1. What are the possible actions that can follow an FDA citation?

At worst, the FDA can force a product recall, seize a product, prohibit the sale of a product, and even shut down a facility. However, it is more likely that they will require corrective action on the part of the supplement company. Failing to take the suggested corrective action can lead to more dire consequences.

  1. How does an FDA citation impact a supplement business in the short term and the long term?

If the industry gets word of the citation, it may hurt the supplement company’s reputation in the short term, which, in turn, could negatively impact sales. The long-term impact is likely to be minimal if the supplement company takes corrective action.

  1. How can supplement brands ensure that their products stay FDA compliant?

Having a Quality Assurance Department (even if it is only one person in that department) is a good way to help ensure that a supplement brand’s business/products stay FDA compliant. Another way is to work with an experienced work with an experienced supplement manufacturer such as NutraScience Labs such as NutraScience Labs, which is cGMP certified and has an in-house QA department that helps ensure adherence to the dietary supplement regulations.

  1. How can NutraScience Labs help its supplement brand owners’ products stay compliant with FDA regulations?

NutraScience Labs has successfully manufactured, packaged, and labeled customized dietary supplement products for over 2,300 brands located around the globe. Furthermore, there has been no issuance of a Form 483 in association with any of these products. The bottom line is that NutraScience Labs has an in-house QA department with the experience and know how to help our customers stay compliant with FDA regulations. With 120+ years of collective nutraceuticals industry experience, there is no easier way to ensure your product and business integrity than choosing NutraScience Labs.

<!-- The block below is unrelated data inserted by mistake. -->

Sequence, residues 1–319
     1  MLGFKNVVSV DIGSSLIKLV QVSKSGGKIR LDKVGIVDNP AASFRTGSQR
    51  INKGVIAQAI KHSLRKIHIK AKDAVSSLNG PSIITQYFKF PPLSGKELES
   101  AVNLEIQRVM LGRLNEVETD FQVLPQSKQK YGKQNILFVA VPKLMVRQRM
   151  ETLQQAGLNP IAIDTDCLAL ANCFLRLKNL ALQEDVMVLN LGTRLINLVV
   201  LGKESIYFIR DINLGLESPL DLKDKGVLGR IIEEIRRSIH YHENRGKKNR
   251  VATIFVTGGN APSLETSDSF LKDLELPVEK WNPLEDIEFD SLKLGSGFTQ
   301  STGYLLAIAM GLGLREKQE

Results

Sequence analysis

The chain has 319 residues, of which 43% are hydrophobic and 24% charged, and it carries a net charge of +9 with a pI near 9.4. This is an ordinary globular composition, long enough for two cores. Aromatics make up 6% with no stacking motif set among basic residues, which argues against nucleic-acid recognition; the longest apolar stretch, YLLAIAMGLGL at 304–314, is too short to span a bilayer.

References:

[i] https://www.naturalproductsinsider.com/regulatory/fda-supplement-inspections-highlight-common-quality-control-problems

[ii] https://www.govinfo.gov/content/pkg/FR-2007-06-25/html/07-3039.htm

[iii] In order for an ingredient to be considered a “dietary ingredient” which is lawful for use in a dietary supplement, it must be approved as an NDI, an ODI or have GRAS status. An NDI is a new dietary ingredient which has been reviewed and approved by the FDA as safe for use in dietary supplements. An ODI is an old dietary ingredient with a documented history of use in dietary supplements prior to October of 1994. GRAS refers to an ingredient being on the Generally Regarded as Safe list which can be found on the FDA’s website.

March 24th, 2022

About the Author:

 
Gene Bruno

Gene Bruno, MS, MHS, RH(AHG) - Mr. Bruno possesses over 42 years of dietary supplement industry experience. With a Master's degree in nutrition and a second Master's degree in herbal medicine, he has a proven track record of formulating innovative, evidence-based dietary supplements. Mr. Bruno currently serves as both the Senior Director of Product Innovation at Twinlab Corporation and Professor of Nutraceutical Science at Huntington University of Health Sciences.